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Platform East:
Fragmente meiner Heimaten. Russischsprachige Migration in Deutschland

Performance, Discourse
In German

An event of the transcultural festival POSTWEST

I. Performance

Sarah Maria Sander: Die Geschichte meines Vaters (My Father’s Story)

In 1946, Ibrahim Nadzhafow was born in Kharkov. His mother, a young Jewish woman, leaves her father, an Azerbaijani officer, after the birth and refuses him any contact with the son. He grows up longing for a father and gives himself the name Aleksander. In a distant country beyond the Soviet Union, he promises himself a future, a different, better world. Aleksander is stuck between eras and cultures, between searching and not-finding. Russia becomes alien, Germany remains unfamiliar even after years. Home becomes a utopia.
Many years later, Sarah grows up in Germany. She too is haunted by the question of home and identity. For her 18th birthday, her mother gives her an old wooden box. Inside are letters, postcards, and telegrams from Alexander’s confidants, telling his story from their point of view.

II. Panel with Tatiana Golova (ZOiS), Svetlana Müller (PANDA Theater e.V.) and Sarah Maria Sander (Volksbühne Berlin)

Russian-speaking migrants in Germany are often perceived as a homogenous group. Their places of origin, their routes, and the status they received upon arrival in Germany differ considerably. Their stories and memories appear in artistic forms of expression. Are these passed on to the next generation as part of identity? What do cultural and meeting places mean for migrant communities? How do new cultural projects beyond nostalgia emerge and how far do they involve people outside the community? Building on the performance Die Geschichte meines Vaters by Volksbühne ensemble member Sarah Maria Sander, sociologist Tatiana Golova explores these questions in a conversation with the artist and with Svetlana Müller of PANDA Theater. In doing so, she examines the political dimension of migrant identity projects and the role that entanglements with countries of origin still play today.

Tatiana Golova is a sociologist at the Center for Eastern European and International Studies (ZOiS) and works on transnational migrant networks on social media.

Svetlana Müller chairs the non-profit association PANDA nicht nur russisches Theater e.V., which has developed into an interdisciplinary art, political, and cultural platform in recent years.

Sarah Maria Sander is an actress at the Volksbühne. She grew up in Germany and Russia. In 2015 she was a guest student in the master acting class at Semen Spivak Theatre Academy Saint Petersburg, Russian State Institute of Performing Arts. From 2015 to 2019 she studied at the Ernst Busch Drama School in Berlin.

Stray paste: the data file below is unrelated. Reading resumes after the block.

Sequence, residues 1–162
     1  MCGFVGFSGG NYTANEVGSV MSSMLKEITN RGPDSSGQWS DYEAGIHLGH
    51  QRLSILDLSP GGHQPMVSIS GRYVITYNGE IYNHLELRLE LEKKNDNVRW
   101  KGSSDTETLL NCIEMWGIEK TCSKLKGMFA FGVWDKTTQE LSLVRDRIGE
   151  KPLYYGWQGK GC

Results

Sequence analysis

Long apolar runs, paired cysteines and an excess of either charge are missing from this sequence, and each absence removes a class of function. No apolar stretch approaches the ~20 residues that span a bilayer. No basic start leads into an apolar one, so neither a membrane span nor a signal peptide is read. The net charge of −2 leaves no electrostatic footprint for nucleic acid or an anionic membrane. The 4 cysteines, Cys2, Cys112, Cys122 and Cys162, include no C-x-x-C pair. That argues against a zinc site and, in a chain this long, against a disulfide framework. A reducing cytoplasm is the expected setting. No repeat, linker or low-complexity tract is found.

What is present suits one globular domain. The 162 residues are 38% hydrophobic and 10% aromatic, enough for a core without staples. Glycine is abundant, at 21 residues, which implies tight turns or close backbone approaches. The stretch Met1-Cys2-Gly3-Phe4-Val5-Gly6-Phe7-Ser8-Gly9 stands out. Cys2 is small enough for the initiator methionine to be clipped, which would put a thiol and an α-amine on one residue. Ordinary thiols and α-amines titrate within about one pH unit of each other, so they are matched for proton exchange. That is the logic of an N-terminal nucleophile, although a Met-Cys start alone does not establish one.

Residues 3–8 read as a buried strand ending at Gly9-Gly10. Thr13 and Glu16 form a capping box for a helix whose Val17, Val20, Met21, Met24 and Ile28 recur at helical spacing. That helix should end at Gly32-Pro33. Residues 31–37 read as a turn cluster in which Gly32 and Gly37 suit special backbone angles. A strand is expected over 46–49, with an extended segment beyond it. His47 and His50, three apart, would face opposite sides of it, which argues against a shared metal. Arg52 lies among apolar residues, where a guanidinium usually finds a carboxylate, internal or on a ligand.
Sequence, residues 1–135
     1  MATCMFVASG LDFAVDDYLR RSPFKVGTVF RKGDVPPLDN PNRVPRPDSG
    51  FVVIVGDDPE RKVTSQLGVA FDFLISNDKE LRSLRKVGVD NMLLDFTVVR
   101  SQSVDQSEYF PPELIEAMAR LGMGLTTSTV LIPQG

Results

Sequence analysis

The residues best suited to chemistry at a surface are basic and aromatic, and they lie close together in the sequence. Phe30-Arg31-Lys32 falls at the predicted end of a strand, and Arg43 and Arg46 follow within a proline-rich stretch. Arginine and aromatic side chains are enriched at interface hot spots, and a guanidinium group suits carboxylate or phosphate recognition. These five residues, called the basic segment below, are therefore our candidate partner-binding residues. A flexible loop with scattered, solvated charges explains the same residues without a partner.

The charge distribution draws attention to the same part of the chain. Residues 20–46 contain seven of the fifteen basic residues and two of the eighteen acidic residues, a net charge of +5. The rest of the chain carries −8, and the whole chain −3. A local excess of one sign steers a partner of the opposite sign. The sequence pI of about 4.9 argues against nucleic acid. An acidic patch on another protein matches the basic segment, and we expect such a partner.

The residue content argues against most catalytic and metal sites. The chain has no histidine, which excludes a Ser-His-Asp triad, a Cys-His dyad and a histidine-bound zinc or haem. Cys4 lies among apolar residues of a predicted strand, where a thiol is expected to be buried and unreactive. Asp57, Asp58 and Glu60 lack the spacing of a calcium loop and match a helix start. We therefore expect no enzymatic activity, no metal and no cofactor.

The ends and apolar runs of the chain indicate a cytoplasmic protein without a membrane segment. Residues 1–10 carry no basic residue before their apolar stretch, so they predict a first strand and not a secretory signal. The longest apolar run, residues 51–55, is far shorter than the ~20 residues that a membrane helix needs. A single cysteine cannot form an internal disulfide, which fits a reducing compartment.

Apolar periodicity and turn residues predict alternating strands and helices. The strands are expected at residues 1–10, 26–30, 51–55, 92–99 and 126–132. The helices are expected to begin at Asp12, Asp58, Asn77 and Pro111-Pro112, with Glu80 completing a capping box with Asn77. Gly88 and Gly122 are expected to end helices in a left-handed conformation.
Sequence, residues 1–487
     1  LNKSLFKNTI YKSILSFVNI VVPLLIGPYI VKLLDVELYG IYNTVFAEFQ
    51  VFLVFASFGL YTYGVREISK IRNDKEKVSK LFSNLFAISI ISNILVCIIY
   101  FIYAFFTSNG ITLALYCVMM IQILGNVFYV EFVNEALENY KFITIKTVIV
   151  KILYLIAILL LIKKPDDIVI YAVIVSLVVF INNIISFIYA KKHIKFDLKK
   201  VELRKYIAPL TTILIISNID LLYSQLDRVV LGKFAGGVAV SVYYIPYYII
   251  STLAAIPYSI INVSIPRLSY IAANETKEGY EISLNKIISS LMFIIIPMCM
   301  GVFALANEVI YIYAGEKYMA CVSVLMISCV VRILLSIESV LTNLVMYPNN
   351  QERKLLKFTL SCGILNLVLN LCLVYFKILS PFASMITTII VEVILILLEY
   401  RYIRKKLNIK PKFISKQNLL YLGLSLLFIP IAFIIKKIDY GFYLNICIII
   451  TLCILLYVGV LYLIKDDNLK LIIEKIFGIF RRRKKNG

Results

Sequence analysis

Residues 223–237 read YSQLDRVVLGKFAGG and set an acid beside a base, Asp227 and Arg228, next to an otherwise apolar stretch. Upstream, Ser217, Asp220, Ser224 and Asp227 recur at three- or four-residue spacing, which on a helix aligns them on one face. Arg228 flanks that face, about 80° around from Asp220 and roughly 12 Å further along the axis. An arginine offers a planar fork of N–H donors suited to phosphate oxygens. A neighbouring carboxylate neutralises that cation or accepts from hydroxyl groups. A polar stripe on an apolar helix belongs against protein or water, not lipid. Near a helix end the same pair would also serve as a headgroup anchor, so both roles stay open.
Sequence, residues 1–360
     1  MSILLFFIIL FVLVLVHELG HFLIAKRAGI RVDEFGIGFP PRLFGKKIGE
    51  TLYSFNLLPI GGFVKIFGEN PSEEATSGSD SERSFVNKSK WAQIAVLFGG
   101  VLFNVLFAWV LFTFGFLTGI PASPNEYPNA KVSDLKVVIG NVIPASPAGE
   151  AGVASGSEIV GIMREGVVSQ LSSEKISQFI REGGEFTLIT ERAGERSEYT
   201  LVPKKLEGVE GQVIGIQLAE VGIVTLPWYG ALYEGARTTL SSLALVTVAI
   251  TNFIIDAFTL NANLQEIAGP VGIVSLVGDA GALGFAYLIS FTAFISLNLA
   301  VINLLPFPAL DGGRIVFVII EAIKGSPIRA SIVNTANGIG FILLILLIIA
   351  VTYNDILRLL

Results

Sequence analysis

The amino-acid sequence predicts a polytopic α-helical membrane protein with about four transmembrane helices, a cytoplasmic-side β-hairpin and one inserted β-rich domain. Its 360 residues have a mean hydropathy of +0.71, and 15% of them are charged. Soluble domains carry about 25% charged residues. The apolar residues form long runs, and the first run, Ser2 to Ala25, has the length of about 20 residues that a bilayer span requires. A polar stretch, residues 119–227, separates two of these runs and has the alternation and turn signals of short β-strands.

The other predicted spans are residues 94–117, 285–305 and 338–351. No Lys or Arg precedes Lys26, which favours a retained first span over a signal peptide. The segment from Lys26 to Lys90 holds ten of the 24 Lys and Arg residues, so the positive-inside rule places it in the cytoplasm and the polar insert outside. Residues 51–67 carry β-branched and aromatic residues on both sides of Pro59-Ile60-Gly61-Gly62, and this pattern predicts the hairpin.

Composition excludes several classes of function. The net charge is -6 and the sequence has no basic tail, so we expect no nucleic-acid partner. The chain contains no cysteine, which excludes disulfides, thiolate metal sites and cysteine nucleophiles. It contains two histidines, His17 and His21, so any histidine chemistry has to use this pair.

In cooperation with

Funded by the German Federal Cultural Foundation

Platform East
Which forms of civic engagement exist in Eastern Europe? Which agents are participating in the restructuring of public space? How has collective memory changed in the post-Soviet era? The new series Platform East will raise these questions and many others as part of the transcultural festival POSTWEST. Academics, artists, and activists from Central and Eastern Europe as well as various experts on Eastern Europe will address the socially relevant issues that affect their everyday lives: the freedom of art and media, the politics of memory and the construction of identities, generational relationships and conflicts as well as protest against political systems. Bringing together these different professions will produce mental collages that expand epistemic horizons and serve as the starting point for diverse future scenarios and a collective utopia of POSTWEST.

The series Platform East is a collaboration between the Centre for East European and International Studies (ZOiS) and the Volksbühne Berlin. Through panel discussions, films, lecture performances, and other formats, the series will function as a platform in the truest sense: at the intersection of art and science, it moves past the existing homogenous images of Eastern Europe and offers space for political, societal, and cultural diversity.

18.03.20, 19:00
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Past Activities

Der Weg aus der Nische? Belarussische Literatur und ihre Zukunft

Russian with translation into German

An event of the transcultural festival POSTWEST

A way out of the niche? Belarusian literature and its future

With: Julia Cimafiejeva (poet and translator), Andrej Januškevič (historian and publisher)
Moderation: Alexander Chertenko